The cheerleaders for the Oakland Raiders have alleged a laundry list of labor law violations by the NFL team that employs them. They claim they are paid less than minimum wage and deprived overtime, that their wages are withheld until the end of the season, and that they face fines docked from their $1,250 a season salary for violations like forgetting to bring their pom poms.
A number of Raiderettes filed a class action lawsuit in January against the franchise. But rather than respond to their legal claims, the Raiders are arguing that the cheerleaders have no right to take their allegations to court in the first place, thanks to a clause in their contract. Instead, they are required to take their qualms to arbitration before the NFL commissioner, who is charged with making an unbiased assessment of claims against one of his own teams.
The Raiderettes’ lawyers anticipated this, and argued in their initial complaint that the contract does not stand up to California law.
“As we see it, this is a contract full of illegal provisions, and trying to appoint the NFL commissioner to act as judge and jury is just one more,” the Raiderettes’ attorney Sharon Vinick told the Los Angeles Times. “It just doesn’t pass the smell test for the Raiders to suggest that the NFL commissioner is unbiased when it comes to a dispute between the team owners who elect him and pay him his $44-million salary and a group of non-unionized cheerleaders.”
If this seems unfair to you, you have something in common with four U.S. Supreme Court justices who have signed on to scathing dissents in cases on just this problem. But thanks to the other five justices who prevailed in those cases, scenarios like the one Vinick described are all too common.
Consider this scenario. Substitute the cheerleaders for consumers, and the NFL for AT&T; or some other major corporation. Imagine that consumers who purchase mobile phone service are bound to a boilerplate contract that requires them to take their claims to a private individual who is paid by AT&T;, and who has a docket full of claims also involving AT&T;, the overwhelming majority of which AT&T; wins. Going to court to challenge legal violations is not an option.
The contract doesn’t end there. It also says that, when these consumers do take their claims against AT&T; to this private individual known as the arbitrator, they are not permitted to argue their claim together, even though they all have the same claim that they were overcharged $30 by the firm, and even though no one person alone can afford to hire a lawyer to challenge their own $30 fee.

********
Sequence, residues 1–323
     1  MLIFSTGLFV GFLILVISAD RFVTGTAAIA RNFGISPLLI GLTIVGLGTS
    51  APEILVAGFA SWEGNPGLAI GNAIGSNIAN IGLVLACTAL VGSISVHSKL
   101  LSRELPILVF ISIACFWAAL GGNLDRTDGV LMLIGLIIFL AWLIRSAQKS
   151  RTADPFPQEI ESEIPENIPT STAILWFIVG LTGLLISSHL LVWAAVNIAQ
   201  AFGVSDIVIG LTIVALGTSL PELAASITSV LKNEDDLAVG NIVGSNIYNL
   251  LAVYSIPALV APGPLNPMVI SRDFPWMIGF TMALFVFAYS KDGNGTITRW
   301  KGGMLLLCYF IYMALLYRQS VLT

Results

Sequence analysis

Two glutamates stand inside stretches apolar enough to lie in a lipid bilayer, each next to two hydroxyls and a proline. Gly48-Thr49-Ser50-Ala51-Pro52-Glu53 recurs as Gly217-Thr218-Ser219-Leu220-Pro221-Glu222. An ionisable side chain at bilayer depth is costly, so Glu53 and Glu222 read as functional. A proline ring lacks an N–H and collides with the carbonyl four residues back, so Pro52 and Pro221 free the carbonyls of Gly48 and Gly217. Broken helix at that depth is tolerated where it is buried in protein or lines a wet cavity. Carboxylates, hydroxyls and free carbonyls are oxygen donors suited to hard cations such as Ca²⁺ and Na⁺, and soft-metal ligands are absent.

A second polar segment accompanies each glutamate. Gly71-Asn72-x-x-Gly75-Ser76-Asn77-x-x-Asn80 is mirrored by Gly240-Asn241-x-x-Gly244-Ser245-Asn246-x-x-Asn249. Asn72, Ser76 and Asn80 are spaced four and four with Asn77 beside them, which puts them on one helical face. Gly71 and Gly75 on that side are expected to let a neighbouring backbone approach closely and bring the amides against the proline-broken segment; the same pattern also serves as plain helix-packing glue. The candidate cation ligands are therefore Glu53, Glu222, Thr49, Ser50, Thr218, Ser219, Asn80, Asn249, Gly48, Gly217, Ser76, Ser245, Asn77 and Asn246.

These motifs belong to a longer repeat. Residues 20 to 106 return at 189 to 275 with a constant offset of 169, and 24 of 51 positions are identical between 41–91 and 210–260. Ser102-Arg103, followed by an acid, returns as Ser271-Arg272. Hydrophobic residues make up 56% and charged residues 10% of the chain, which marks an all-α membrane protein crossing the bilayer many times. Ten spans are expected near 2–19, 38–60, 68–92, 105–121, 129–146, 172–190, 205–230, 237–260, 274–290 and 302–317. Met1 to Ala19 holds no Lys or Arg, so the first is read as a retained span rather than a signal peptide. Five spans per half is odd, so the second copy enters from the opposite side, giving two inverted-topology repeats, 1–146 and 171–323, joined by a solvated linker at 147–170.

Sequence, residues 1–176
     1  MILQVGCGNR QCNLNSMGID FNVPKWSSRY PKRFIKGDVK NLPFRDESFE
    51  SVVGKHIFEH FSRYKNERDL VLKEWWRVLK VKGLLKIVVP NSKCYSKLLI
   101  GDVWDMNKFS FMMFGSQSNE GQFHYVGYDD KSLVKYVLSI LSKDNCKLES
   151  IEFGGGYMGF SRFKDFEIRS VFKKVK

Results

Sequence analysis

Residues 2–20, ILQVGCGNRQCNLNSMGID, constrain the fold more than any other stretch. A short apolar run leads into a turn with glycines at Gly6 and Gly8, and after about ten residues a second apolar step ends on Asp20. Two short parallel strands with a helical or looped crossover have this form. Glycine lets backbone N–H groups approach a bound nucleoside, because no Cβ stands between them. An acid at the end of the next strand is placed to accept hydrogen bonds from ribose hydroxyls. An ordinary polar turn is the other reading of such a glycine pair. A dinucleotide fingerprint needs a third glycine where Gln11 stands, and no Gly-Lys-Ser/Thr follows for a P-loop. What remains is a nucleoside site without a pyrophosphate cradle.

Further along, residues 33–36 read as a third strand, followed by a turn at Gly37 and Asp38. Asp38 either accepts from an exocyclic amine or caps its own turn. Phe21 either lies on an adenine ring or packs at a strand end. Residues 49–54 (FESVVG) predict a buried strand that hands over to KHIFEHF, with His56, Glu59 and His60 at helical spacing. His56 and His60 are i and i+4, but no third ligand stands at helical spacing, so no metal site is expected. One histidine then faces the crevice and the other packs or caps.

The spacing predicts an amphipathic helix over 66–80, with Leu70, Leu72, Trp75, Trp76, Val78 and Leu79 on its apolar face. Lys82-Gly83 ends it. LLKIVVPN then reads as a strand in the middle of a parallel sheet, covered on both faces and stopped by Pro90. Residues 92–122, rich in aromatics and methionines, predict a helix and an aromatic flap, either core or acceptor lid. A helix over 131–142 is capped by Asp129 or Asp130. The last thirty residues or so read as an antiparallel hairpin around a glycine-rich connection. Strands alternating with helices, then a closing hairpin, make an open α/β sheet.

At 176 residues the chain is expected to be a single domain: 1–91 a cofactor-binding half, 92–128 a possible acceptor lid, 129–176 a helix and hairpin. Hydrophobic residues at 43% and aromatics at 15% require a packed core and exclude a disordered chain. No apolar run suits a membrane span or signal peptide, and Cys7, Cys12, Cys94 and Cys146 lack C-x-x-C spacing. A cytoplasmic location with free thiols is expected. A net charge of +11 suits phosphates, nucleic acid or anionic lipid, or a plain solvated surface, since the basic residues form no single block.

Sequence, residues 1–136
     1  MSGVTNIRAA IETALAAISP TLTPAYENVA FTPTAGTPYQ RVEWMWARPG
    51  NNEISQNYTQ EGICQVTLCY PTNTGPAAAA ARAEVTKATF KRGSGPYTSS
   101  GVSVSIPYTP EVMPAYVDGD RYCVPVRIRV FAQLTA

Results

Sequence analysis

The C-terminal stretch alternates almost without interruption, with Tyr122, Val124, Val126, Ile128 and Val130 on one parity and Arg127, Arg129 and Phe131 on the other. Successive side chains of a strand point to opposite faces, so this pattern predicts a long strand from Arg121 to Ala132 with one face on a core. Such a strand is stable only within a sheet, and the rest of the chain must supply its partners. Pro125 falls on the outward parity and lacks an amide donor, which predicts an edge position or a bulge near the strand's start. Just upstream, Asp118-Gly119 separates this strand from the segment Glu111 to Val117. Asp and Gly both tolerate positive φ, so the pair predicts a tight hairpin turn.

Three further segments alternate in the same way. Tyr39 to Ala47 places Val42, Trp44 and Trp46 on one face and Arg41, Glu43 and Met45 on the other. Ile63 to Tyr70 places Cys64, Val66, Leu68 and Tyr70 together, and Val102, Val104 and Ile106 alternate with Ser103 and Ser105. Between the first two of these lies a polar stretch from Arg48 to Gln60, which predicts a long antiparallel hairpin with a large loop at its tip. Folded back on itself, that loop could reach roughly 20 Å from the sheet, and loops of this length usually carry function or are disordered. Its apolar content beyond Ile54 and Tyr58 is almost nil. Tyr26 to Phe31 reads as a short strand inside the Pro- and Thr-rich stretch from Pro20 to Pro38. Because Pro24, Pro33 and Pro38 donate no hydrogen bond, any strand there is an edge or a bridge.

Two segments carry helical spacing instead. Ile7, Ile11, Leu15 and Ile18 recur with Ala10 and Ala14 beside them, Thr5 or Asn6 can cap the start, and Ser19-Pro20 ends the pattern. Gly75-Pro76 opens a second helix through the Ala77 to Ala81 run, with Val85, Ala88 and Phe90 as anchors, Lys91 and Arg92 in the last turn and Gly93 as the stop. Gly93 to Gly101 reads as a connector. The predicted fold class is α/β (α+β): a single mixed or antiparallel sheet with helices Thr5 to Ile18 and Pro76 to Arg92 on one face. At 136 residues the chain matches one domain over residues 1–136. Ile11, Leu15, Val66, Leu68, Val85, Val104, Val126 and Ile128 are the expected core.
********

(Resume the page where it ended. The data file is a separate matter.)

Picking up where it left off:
This is the simplified fact pattern of a case that went before the U.S. Supreme Court less than four years ago. And the court sided with AT&T;. The plaintiffs initially took their case to the California courts also, and a California court held their contract was unconscionable, as the cheerleaders in this case are arguing. But the five conservative justices on the U.S. Supreme Court said that the Federal Arbitration Act trumps state law, and interpreted that law as not allowing the California courts to invalidate the contract. The high court has since issued similar rulings in denying Comcast consumers the right to allege monopolistic practices, denying workers the right to file a collective claim alleging they had been docked pay, and even rejecting the attempt of several small businesses to together sue American Express.
Around the country, there are, literally, tens of millions of individuals subject to these arbitration clauses just for contracts in the financial industry. In addition to binding these individuals to an outside, private arbitrator, they also deprive individuals of the right to appeal the outcome of the determination. And they impose additional terms, such as the one barring class arbitration in the AT&T; case.
Justice Elena Kagan, who has been among the dissenters in several of these cases described the situation this way in a 2013 case challenging alleged monopolistic practices by American Express: “The monopolist gets to use its monopoly power to insist on a contract effectively depriving its victims of all legal recourse. And here is the nutshell version of today’s opinion, admirably flaunted rather than camouflaged: Too darn bad. That answer is a betrayal of our precedents, and of federal statutes like the antitrust laws.”
Proponents of arbitration clauses argue that they are more economical for both parties, and that consumers and workers actually prefer the ease of arbitration. But research by the Consumer Financial Protection Bureau has found that worries about these arbitration clauses are not hypothetical: While 3,000 class action lawsuits involving potentially millions of consumers were filed to challenge credit card disputes between 2010 and 2012, almost no one opted to go to arbitration.
Pending before Congress is a measure, the Arbitration Fairness Act, that would impose an outright ban on these clauses. But barring congressional action, the cheerleaders’ odds of succeeding in court are not high, and their lawyers are likely gunning for a settlement of their claims to quell the negative publicity.